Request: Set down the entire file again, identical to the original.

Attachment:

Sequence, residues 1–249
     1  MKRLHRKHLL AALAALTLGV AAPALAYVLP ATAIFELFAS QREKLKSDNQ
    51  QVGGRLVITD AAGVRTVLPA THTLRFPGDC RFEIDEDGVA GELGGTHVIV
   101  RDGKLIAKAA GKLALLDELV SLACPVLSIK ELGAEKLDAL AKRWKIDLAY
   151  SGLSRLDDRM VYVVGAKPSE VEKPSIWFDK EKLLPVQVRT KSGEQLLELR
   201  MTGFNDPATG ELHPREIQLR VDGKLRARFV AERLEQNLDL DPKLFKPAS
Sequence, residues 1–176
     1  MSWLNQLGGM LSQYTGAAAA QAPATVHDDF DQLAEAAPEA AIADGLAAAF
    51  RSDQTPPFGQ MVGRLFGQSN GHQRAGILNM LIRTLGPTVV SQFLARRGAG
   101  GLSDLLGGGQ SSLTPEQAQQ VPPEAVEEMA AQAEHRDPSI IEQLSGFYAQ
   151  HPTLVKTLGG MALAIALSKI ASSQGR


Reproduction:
Sequence, residues 1–249
     1  MKRLHRKHLL AALAALTLGV AAPALAYVLP ATAIFELFAS QREKLKSDNQ
    51  QVGGRLVITD AAGVRTVLPA THTLRFPGDC RFEIDEDGVA GELGGTHVIV
   101  RDGKLIAKAA GKLALLDELV SLACPVLSIK ELGAEKLDAL AKRWKIDLAY
   151  SGLSRLDDRM VYVVGAKPSE VEKPSIWFDK EKLLPVQVRT KSGEQLLELR
   201  MTGFNDPATG ELHPREIQLR VDGKLRARFV AERLEQNLDL DPKLFKPAS
Sequence, residues 1–176
     1  MSWLNQLGGM LSQYTGAAAA QAPATVHDDF DQLAEAAPEA AIADGLAAAF
    51  RSDQTPPFGQ MVGRLFGQSN GHQRAGILNM LIRTLGPTVV SQFLARRGAG
   101  GLSDLLGGGQ SSLTPEQAQQ VPPEAVEEMA AQAEHRDPSI IEQLSGFYAQ
   151  HPTLVKTLGG MALAIALSKI ASSQGR